Is there any difference between tensor product and Kronecker Product?


The two notions represent operations on different objects: Kronecker product on matrices; tensor product on linear maps between vector spaces.

But there is a connection: Given two matrices, we can think of them as representing linear maps between vector spaces equipped with a chosen basis.

The Kronecker product of the two matrices then represents the tensor product of the two linear maps.

(This claim makes sense because the tensor product of two vector spaces with distinguished bases comes with a distinguish basis.)

All this and more is explained on wikipedia.

  • 1
    $\begingroup$ While true, it does not help to answer the question. I also stumbled here for help, but my guess is that you mean to say, "if you limit A and B to be linear maps, then the Kronecker product is the tensor product; but the tensor product is more general and is not equal to the Kronecker product when they aren't linear maps." Two things would help with your answer: (1) answer the actual question, and (2) please provide an example. Like the OP, I would like to understand the answer better. Thanks! $\endgroup$ – Mike Williamson Aug 1 '17 at 22:06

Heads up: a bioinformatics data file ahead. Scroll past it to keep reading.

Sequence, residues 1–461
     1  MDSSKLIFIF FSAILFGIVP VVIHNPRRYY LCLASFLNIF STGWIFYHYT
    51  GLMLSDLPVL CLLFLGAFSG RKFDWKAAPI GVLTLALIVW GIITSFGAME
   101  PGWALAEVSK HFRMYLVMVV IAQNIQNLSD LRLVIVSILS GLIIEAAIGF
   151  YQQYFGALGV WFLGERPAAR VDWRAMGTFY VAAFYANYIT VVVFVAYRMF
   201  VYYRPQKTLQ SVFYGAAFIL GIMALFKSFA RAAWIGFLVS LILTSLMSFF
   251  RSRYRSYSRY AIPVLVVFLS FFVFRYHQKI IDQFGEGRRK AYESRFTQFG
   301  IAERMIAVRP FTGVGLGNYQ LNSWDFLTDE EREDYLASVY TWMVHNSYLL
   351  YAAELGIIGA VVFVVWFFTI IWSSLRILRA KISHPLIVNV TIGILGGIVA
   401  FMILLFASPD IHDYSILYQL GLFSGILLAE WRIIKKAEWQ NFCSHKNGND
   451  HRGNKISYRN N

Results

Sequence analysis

• 2
    $\begingroup$ I expanded my answer. Note that I meant to say what I said, despite your speculation to the contrary. $\endgroup$ – Rasmus Aug 1 '17 at 22:26
  • 1
    $\begingroup$ @MikeWilliamson: how would you even define the tensor proudct of nonlinear maps? $\endgroup$ – darij grinberg Aug 1 '17 at 22:27
  • 4
    $\begingroup$ Every matrix represents a linear map. $\endgroup$ – Rasmus Aug 2 '17 at 17:11
  • 1
    $\begingroup$ @MikeWilliamson Linear maps are in some sense more general than matrices. They are also different (types of) objects, even though matrices can be used to represent some linear maps. The matrix representation of a particular linear map depends on the choice of basis of the domain and target space, for example, whereas the linear map itself is invariant under such choices. On the other hand a matrix can also represent a bilinear form, not just a linear map. Consider reading Axler's Linear Algebra Done Right for a good explanation of some of such subtleties. $\endgroup$ – Chill2Macht Oct 18 '17 at 17:20

Your Answer

By clicking “Post Your Answer”, you agree to our terms of service, privacy policy and cookie policy

Not the answer you're looking for? Browse other questions tagged or ask your own question.